May 17
Shedding light on schizophrenia

The Western NSW and Far West Local Health Networks are joining national efforts to increase public awareness about schizophrenia and mental illness during Schizophrenia Awareness Week (15-22 May 2011).

Clinical Nurse Educator Julie de Sousa said schizophrenia is often surrounded by myths, misunderstanding, and negative stereotypes.

“For approximately 250,000 Australians living with schizophrenia, the stigma associated with this complex mental illness can exacerbate the isolation they experience,” said Ms De Sousa.

“Schizophrenia Awareness Week presents us all with an opportunity to break down the stigma associated with schizophrenia and other mental illnesses.”

Ms De Sousa said people often mistake schizophrenia is a ‘split personality’, which can increase negative perceptions of the condition.

“Schizophrenia refers to the person’s mental function and it is a split from reality rather than a ‘split’ in the mind or personality,” said Ms de Sousa.

Symptoms include disordered thoughts, dulled or distorted senses, hallucinations (hearing voices, seeing images), delusions, paranoia, loss of feeling or inability to experience normally pleasurable activities, and impaired thought processes, speech and social interaction.

“Whilst hallucinations and delusions may be non-existent to others, they are powerfully real and disturbing for the person experiencing them,” said Ms de Sousa.

“It is important to remember that none of these symptoms by themselves indicate the presence of schizophrenia or another mental illness, but if they are severe, persistent or recurrent, professional help should be sought as soon as possible.”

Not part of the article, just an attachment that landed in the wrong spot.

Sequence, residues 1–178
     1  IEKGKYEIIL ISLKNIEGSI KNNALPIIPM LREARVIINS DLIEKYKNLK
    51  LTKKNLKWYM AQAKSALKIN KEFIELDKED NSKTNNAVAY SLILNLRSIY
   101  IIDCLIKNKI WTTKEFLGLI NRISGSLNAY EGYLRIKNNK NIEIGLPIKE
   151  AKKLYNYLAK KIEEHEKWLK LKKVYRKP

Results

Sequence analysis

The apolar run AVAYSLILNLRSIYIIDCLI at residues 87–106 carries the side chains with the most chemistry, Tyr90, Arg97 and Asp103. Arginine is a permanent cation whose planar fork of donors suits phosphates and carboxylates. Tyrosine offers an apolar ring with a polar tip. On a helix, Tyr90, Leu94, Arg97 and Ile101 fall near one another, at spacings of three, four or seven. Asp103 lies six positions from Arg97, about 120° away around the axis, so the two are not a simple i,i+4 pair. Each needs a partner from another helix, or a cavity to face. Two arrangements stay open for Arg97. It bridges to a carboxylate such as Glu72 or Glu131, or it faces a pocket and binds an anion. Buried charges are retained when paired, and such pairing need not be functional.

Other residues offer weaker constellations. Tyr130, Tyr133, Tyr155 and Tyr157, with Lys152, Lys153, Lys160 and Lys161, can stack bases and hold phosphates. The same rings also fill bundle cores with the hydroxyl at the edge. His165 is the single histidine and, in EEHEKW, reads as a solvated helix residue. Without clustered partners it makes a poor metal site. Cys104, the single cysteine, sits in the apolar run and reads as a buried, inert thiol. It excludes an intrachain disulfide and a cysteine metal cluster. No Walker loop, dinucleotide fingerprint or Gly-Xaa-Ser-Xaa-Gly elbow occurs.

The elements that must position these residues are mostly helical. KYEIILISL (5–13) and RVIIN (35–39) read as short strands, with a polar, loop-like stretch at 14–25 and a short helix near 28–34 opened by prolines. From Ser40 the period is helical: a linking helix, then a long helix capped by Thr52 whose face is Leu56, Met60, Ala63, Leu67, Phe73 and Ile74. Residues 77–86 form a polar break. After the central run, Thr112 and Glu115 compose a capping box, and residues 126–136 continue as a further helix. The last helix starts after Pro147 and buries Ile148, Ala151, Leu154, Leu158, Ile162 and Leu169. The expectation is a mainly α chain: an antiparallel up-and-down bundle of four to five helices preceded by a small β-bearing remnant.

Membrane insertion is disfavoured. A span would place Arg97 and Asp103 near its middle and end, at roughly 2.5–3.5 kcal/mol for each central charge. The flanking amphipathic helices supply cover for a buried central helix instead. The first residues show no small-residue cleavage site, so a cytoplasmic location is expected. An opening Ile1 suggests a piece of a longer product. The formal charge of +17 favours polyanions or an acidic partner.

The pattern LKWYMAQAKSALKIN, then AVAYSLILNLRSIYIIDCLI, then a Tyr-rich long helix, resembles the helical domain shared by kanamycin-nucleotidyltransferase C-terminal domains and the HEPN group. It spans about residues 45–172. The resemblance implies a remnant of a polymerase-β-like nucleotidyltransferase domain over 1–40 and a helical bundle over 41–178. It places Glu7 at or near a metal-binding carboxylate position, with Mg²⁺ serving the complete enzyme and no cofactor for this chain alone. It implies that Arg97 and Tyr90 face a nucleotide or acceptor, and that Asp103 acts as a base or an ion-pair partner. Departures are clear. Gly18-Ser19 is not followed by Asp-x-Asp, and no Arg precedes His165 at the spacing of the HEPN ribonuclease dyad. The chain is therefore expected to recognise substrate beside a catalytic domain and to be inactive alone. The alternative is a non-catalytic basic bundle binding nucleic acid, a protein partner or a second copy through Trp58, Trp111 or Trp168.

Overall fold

Schizophrenia generally presents in late adolescence or early adulthood, while people are developing their personality, building relationships, or embracing new challenges such as higher education. Early warning signs of schizophrenia can include disorganised thinking, social withdrawal, emerging unusual beliefs and self-harming behaviour.

“There is no definitive answer as to what causes schizophrenia and whilst many advances have been made in recent times, there is currently no cure,” said Ms de Sousa.

“Schizophrenia affects men and women equally across all cultures and socio-economic backgrounds.  Some people may only experience one or a few brief episodes of schizophrenia, while for others it may develop into a chronic condition requiring life-long management.”

Improvements in both medical and psychological treatments are providing hope for people diagnosed with schizophrenia.  

“Early intervention can help reduce the severity of symptoms and if treatment is successful, people with schizophrenia to live full and productive lives,” said Ms de Sousa.

Medication is essential for effective treatment of schizophrenia for most people and many advances have been made in regards to medication and side-effects in recent years. Medication works best in collaboration with other treatments such as vocational
rehabilitation, social rehabilitation and counselling.

If you have concerns regarding schizophrenia, or any other mental health issues, contact the Mental Health Line (24/7) on 1800 011 511 or see your GP.

For further information regarding Schizophrenia Awareness Week, visit the Schizophrenia Fellowship of NSW website at